A lot or a little?
The parents' guide to what's in this movie.
What parents need to know
Parents need to know that Starred Up is a well-made British prison drama about a troubled teen who becomes old enough to enter the adult prison system (the title is a slang term for that transition). The movie is extremely hard and unflinchingly realistic, with matter-of-fact violence and full-frontal male nudity. Characters fight fairly frequently, and sometimes the fights come to blows, with blood shown. In one fight, a character bites down on a man's crotch and stays there until the fight is over. Language is extremely strong and constant, including multiple uses of "f--k" and "c--t." One prisoner retrieves a cell phone from his rear end (nothing graphic shown on screen), and the main character must have his own rear end inspected for contraband before entering the prison. Prisoners are shown smoking cigarettes, and some clandestine drug dealing appears to be happening, but it's not a major plot point.
What's the story?
Stone-faced, hair-trigger teenager Eric Love (Jack O'Connell) is no stranger to prison, but now he's old enough to be transferred from youth prison to the real deal, or "starred up," as it's known in prison slang. Guarded and coiled and already with extensive prison experience under his belt, it's not long before Eric's explosive nature gets him in trouble. But a prison therapist, Oliver (Rupert Friend), recommends that Eric join his group sessions to work on his temper. It's not an easy process, but Eric also gets a helping hand from long-timer Neville (Ben Mendelsohn), who has a special relationship with the troubled youth.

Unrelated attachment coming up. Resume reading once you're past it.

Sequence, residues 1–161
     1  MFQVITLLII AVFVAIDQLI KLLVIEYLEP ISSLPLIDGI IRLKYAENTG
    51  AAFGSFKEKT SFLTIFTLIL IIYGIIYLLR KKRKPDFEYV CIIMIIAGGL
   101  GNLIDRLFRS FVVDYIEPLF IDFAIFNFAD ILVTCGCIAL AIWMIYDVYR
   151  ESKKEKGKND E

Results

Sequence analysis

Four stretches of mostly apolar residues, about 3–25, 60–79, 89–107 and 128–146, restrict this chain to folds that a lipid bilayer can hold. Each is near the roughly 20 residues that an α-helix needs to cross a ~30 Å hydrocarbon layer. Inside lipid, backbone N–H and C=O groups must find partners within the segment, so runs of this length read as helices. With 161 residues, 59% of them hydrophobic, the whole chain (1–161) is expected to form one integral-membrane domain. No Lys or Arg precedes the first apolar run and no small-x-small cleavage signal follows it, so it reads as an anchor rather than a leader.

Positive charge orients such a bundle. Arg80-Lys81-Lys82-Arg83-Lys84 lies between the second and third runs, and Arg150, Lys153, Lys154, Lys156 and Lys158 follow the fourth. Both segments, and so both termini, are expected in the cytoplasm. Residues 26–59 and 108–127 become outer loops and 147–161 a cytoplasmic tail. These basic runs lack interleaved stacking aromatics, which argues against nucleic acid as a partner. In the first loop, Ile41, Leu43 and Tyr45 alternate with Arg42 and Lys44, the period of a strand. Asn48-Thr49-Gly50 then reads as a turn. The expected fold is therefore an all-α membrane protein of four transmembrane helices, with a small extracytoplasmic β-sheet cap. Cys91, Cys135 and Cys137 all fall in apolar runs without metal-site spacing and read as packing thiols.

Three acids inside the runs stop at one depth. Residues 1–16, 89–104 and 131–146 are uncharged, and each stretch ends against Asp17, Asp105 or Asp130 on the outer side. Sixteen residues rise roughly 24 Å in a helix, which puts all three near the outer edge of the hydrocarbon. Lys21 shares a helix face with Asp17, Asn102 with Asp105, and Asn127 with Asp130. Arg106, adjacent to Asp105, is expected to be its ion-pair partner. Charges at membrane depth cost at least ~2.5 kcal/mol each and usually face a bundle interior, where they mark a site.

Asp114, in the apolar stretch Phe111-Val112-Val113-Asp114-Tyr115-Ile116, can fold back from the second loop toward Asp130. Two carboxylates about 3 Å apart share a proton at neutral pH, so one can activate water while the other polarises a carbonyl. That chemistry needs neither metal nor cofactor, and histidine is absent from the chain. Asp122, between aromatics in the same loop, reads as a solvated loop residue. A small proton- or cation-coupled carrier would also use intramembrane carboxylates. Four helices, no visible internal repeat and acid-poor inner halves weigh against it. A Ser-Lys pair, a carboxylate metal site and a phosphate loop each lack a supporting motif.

Is it any good?
English director David Mackenzie (Young Adam, Spread) has never made films that were easy to watch or easy to like, but with STARRED UP, he seems to have found some kind of balance at last. As it begins, with its hard, unflinching look at a prisoner transferred to an adult institution, it might recall Steve McQueen's very tough Hunger (2008), but though Starred Up always retains its edge, it finds a sympathetic heart as well.
Certainly it could easily have turned into a goopy, Hollywood-lite movie about redemption, but vivid details and the excellent, wounded performances help anchor things in something closer to truth. O'Connell gives a star-making performance, and Friend plays the therapist with a certain resigned gravity. Mackenzie's camera could easily have slipped into documentary-like shaky-cam, but it's as reserved and unfazed as the concrete walls all around it. This is a powerful film that's also surprisingly watchable.
Talk to your kids about ...
Families can talk about Starred Up's violence and fighting. How does the movie present these things? How do they make you feel? How does their impact compare to that of less-realistic movie violence?
Is the main character likable? Is he a sympathetic character? Why or why not? How does he show his humanity?
Does the prison therapist appear to be doing some good for his patients?
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